funny day. a lot of rushing. late coffee. supposed to be 6 degrees, but feels colder. wet.
the bottom of my too-long pants get dirty and soaked. I feel like a teenager with messy cords on.
still, big smiles, lots of giggles.
My kids wake up, get dressed, make their beds and head downstairs for breakfast before I have pulled my sorry rump out of bed.
They prepared schedules the night before.
From 715 until 230, they are booked.
I need to go grocery shopping. I am told, as they head downstairs, that if I plan to make their lunches, I need to be back by 1130.
It’s some weird Freaky Tuesday.
I get out of bed.
Tuesdays are lunches at home. I wait for my son.
Moments before the bell rings, the yard is silent. His portable waits to empty of children.
He used to race out to the car, a big smile on his face. Now that he brings a friend home, he and the friend walk slowly, discuss things (wallball? a recent test? girls? SpongeBob?) as they find their way slowly to my car.
Already, this picture dates itself – taken a few weeks back, those red leaves are gone, the trees are bare. Sandy took care of that.
The kids in the morning as I stand with a sweater pulled around me, yawning. This year has been a different start for all of us. A walk to a bus stop with a friend for my daughter. A bike ride or scooter glide to school with buddies for my son.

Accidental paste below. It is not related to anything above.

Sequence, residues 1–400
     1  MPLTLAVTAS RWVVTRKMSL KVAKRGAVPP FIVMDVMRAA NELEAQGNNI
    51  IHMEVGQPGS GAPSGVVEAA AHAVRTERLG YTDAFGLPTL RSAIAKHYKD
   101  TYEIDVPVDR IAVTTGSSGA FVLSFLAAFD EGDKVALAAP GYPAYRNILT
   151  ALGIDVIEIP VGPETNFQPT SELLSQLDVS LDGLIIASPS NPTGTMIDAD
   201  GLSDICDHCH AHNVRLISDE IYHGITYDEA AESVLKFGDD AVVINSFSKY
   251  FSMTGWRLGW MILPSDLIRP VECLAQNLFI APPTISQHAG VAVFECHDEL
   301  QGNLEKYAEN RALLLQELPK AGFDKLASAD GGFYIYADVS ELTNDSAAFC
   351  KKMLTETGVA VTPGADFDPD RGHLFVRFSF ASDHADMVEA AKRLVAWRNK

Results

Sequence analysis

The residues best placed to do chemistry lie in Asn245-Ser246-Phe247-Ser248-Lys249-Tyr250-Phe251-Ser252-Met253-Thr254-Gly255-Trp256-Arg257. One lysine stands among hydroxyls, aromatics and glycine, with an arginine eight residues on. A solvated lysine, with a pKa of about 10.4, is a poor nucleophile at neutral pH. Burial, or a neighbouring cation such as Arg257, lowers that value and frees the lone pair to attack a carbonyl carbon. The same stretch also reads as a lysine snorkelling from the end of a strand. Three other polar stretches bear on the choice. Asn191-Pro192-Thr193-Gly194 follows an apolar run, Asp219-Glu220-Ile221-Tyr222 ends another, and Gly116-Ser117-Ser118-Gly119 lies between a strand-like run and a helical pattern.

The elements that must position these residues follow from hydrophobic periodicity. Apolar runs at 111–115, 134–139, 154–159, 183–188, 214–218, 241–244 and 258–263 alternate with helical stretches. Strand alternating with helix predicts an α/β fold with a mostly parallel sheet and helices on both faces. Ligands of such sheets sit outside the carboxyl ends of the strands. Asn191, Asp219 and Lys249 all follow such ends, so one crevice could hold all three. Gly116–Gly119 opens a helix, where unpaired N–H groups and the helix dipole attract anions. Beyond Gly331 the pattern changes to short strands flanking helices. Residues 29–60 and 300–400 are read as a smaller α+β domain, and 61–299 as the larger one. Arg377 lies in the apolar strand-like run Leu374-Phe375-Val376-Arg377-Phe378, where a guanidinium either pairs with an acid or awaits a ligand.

And me on my own, making my way back home to an office and a cat, after I watch both kids disappear around the corner. If they were to look back and see, I think they’d think: Why is she still standing there? But they don’t look back.
The Terry Fox runs comes and goes. Remnants of the kids’ participation remains tacked onto our fridge.
My daughter must remind me that her schoolyard is twice the size of the park at which her brother ran.
“That’s why I have fewer punch holes.”
No need. Whatever they have run, it is in the memory of a man they remember with sadness and respect both. However many laps, they have done it to fight against something that takes away to many from us.
I like the Groundwater Festival. Went first with my daughter, then this fall with my son.
When I went the first time, I saw no salmon. This time, I was stunned. Huge fish swimming up stream. Some lay dead on the shores (they die after they spawn).
The kids in my group found nothing with their sieves (my son found a rock and a twig) but it was worth it watching the salmon.
That and Chief Topleaf and sunny skies and the kids, the helpful map of a friend all made it a great day. My last Groundwater Festival.